Build Momentum For Chapter Banking With an Early Adopter Group
Introduce chapter banking first to a group of chapters who would welcome a new way of doing business. Peter said, “Leverage the people who are willing to look at change as a positive thing and who view you as a sincere partner in the effort.”
Early Adopter Groups
A chapter leader peer has more persuasion power than anyone at National. These first chapters become the champions who help you sell chapter banking to the others. Make sure the composition of the early adopter group reflects the diversity of your chapter network, so every chapter sees the success of “someone” like them, for example, big/small, urban/rural, and staff-/volunteer-managed chapters.
Be Proactive & Prepared
News will spread quickly throughout the network as your project proceeds. Proactively provide information about chapter banking so you can address concerns, answer questions, and head off any misinformation and rumors.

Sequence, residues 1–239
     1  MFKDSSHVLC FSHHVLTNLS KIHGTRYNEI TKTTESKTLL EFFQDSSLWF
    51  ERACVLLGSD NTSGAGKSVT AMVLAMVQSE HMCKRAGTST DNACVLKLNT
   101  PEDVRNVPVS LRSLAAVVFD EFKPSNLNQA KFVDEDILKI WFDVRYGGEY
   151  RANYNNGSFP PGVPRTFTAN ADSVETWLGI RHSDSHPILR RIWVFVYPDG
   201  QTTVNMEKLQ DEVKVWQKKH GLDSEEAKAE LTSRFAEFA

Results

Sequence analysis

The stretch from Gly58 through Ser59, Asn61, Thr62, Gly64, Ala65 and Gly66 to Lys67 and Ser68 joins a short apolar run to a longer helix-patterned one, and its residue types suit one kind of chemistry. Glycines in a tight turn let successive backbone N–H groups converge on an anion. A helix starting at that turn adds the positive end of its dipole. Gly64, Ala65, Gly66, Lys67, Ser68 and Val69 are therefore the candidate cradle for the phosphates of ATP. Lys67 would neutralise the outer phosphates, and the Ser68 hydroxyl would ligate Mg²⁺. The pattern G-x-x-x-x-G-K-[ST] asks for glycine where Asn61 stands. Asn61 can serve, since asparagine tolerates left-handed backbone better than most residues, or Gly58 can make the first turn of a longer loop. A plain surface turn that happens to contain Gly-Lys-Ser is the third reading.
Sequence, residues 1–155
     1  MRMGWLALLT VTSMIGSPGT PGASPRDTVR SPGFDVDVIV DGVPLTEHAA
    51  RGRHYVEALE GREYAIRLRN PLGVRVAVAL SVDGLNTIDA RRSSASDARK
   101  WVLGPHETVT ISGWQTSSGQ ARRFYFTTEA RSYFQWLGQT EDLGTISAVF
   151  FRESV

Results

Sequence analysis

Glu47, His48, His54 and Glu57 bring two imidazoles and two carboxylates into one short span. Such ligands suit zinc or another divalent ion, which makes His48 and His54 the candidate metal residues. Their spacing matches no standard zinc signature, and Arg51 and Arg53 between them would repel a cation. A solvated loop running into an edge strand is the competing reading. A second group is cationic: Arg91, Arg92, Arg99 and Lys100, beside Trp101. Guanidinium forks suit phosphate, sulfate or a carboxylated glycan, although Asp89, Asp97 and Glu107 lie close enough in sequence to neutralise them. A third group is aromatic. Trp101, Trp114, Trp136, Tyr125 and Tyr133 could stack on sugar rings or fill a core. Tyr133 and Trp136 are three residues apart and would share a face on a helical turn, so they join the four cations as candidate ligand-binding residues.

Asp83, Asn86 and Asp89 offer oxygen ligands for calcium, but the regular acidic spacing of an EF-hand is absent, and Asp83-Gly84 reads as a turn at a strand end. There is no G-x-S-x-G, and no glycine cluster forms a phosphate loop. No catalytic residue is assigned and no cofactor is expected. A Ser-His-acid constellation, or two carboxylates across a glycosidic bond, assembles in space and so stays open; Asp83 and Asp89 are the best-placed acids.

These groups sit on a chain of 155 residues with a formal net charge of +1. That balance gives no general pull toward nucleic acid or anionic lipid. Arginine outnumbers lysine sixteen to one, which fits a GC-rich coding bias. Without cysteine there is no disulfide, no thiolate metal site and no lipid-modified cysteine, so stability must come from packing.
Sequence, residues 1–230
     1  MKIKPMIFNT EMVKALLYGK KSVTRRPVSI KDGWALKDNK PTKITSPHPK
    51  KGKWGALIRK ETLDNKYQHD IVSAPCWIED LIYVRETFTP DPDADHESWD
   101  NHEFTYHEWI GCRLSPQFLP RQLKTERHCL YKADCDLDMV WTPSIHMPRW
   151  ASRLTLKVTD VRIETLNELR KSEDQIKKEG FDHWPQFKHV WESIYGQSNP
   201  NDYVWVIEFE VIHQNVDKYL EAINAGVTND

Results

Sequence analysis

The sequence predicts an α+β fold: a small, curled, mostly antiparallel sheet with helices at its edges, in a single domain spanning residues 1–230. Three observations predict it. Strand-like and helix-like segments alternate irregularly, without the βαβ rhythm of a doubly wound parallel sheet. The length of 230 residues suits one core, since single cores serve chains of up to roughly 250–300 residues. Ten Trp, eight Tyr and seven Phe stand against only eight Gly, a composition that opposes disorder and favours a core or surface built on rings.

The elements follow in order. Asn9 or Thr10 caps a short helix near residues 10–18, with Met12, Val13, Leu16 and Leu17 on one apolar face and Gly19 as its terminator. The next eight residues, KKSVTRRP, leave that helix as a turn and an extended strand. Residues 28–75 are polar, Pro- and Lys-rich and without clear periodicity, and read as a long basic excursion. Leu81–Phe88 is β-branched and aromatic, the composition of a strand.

Develop Training & Support
Describe the training and support you’ll provide. Be aware that some chapters may require individual coaching and hand-holding. Show chapters a preview of their new reports. Most importantly, gather success stories from the early participants about the positive impact of chapter banking on their chapter and members, and on them personally.
Download Our Guide
In the Chapter Banking Guide, we share the basics of chapter banking, how your association and chapters could benefit from the solution, ways to overcome possible resistance, and how your national-chapter relationship can change positively with the solution.